It’s like Nellie resents the ‘favourite child’ and like a jealous child this brings out the worst in her. One can see from her body language she’s not happy as she watches and licks her lips, or turns her back on them.

Practice makes perfect.

Unfortunately, the more this sort of thing is repeatedly practised, the more it becomes hardwired into the brain response, increasing the likelihood of the behaviour recurring. This is why things seldom get better by themselves but go on a downward spiral.

Our work will be like a jigsaw of bits to gradually put into place, concentrating mostly on Nellie. She will need positive associations with the baby from the beginning in order to avoid jealousy. They have two months before baby is due, so work starts now.

Some people dispute that dogs have feelings like jealousy which I find ridiculous. In The Descent of Man, Charles Darwin noted that ‘everyone has seen how jealous a dog is of his master’s affection, if lavished on any other creature.’ See the Daily Telegraph article written by Sarah Knapton. To read more about dogs and jealousy, see Stanley Coren in Psychology Today.

NB. For the sake of the story and for confidentiality also, this isn’t a complete ‘report’ with every detail, but I choose an angle. The precise protocols to best use for your own dog may be different to the approach I have worked out for Nellie and Luna because neither dog nor situation will ever be exactly the same. If you listen to ‘other people’ or find instructions on the internet or TV that are not tailored to your own dog, you can do much more harm than good as the case needs to be assessed correctly, particularly where any forom of aggression is concerned. One size does not fit all so accurate assessment is important. If you live in my own area I would be very pleased to help with strategies specific to your own dog (see my Help page).

Seven Little Dogs and Lots of Barking

Barking and bedlam from seven very small dogsI sat down, the gate in the kitchen doorway was opened and the seven little dogs barking behind it flew out.

Some were jumping all over me and climbing behind me, there were a few potential spats between three of them (I had treats in my pocket) and two – Snowy, the little white one in the photo and Chihuahua Rudi on the right, stood back whilst continuing to bark at me fearfully.

There was so much barking and bedlam it was a while before we could chat. Temporarily settling somewhat, the dogs all started tearing about again at the slightest sound or if I stood up.  There were frequent near spats, all involving French Bulldog Boycie. The lady in particular was constantly on edge in order to pre-empt trouble.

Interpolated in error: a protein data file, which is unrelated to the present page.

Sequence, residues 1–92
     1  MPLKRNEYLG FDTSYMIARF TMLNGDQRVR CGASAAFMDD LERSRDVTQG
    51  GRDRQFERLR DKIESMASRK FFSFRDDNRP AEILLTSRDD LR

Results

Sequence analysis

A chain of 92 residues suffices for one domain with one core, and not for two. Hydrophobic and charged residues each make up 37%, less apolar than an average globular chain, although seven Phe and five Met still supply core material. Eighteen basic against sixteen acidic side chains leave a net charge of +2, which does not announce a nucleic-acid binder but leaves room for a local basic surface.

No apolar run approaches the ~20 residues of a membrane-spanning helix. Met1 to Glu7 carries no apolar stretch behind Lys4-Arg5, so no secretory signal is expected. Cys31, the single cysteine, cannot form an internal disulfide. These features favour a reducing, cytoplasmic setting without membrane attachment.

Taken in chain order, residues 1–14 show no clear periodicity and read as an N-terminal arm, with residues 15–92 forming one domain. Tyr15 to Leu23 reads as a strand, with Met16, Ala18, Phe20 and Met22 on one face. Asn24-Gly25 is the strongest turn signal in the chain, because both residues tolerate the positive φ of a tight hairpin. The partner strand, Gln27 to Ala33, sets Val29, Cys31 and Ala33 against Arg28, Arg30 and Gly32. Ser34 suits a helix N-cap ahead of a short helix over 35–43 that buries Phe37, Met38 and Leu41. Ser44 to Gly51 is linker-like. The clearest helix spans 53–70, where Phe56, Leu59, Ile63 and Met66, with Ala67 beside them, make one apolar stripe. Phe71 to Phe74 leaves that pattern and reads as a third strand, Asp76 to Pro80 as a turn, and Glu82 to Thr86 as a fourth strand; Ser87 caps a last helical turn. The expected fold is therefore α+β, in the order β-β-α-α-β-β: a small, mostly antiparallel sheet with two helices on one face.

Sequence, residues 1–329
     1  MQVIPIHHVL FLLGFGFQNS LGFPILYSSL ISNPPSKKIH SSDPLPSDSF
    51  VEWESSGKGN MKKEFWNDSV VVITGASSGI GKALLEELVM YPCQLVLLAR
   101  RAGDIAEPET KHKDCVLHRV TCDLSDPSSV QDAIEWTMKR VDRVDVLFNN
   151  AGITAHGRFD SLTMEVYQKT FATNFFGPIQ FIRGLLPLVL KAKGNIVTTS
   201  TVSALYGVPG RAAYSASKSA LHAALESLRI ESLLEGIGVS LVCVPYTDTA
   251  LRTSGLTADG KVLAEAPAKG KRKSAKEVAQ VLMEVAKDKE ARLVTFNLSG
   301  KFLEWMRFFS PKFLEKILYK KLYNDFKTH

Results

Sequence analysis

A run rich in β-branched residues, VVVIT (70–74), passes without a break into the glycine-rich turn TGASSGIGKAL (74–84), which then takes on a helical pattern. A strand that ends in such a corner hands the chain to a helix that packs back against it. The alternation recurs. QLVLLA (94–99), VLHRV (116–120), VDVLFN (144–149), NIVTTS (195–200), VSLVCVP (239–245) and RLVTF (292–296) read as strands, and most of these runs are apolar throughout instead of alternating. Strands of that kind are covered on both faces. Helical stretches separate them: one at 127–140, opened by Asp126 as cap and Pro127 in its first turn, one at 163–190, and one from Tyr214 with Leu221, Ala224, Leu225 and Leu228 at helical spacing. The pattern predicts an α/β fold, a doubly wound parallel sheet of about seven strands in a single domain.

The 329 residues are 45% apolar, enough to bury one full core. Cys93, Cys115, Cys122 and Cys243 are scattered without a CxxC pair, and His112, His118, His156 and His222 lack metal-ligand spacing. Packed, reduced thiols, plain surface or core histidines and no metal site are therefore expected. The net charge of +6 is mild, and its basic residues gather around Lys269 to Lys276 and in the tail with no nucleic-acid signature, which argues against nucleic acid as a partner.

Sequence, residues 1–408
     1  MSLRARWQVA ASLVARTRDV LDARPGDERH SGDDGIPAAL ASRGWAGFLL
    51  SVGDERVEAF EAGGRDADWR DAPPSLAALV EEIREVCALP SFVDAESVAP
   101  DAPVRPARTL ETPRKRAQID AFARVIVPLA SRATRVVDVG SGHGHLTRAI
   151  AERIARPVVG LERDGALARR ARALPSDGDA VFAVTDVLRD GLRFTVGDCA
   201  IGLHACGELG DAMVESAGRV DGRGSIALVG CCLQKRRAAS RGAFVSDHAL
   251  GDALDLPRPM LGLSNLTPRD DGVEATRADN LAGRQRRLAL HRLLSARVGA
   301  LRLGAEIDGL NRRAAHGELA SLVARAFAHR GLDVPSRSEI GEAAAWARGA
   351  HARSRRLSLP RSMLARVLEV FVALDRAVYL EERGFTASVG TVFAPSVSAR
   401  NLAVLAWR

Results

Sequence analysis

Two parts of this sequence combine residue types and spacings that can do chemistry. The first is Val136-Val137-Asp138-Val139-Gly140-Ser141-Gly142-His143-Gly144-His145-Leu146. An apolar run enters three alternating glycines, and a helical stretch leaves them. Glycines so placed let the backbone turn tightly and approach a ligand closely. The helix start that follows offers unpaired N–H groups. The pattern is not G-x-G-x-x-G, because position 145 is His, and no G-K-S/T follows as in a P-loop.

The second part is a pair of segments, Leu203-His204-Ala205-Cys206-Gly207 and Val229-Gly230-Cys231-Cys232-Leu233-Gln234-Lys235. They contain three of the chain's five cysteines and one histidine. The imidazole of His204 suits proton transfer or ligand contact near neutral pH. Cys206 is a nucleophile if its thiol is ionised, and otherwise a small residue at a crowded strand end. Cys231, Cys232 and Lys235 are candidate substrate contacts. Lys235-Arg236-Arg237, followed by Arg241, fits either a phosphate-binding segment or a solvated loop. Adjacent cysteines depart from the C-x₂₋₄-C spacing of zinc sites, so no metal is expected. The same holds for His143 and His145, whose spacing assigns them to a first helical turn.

I suggested they put Boycie on lead and the dynamics changed completely.

First they had Rolo, a Chihuahua Yorkie cross, now five. He was a happy dog and they got Honey, a Chihuahua Pug cross. Snowy soon arrived followed by Rudi. A relative bred Frenchies and they decided to add Boysie to the group, not realising that Honey was already pregnant with Rudi’s puppies (they kept two). They sent me this photo – an achievement with five of them including Boycie in one place, lying still and quiet!

Frenchie Boycie is the fly in the ointment. He is now ten months old and increasingly over the past three months has been challenging Rolo in particular, but also Rudi.

There are many other dynamics going on as you can imagine and a fair bit of conflict.  Rolo is constantly pacing and snaps when another dog comes near him, and others pick on Rudi.

At the slightest noise the whole lot immediately charge outside into the garden, barking, then back through house.

There are three family members – a couple and their teenage son. Their main concern is the increasing conflict between the dogs.

At the moment, before we can do anything else, ways have to be found to calm everything down. The spats mostly occur when the dogs are aroused which is much of the time. There is a crate in the sitting room and any of the three main male protagonists is happy to be in it – more relaxed crated than out in fact. I suggest ‘zones’ for the dogs and they rotate with two crates in the sitting room, one on top of the other and Rolo (the oldest) in the top crate where he won’t feel the need to growl at other dogs that get too close. Boycie can go in the bottom crate and the third male freely with the other dogs either in the sitting room or behind the kitchen gate. The boys can be regularly rotated. One boy can be released from the crate and another put in – so none are away for too long, and so no two boys are out together.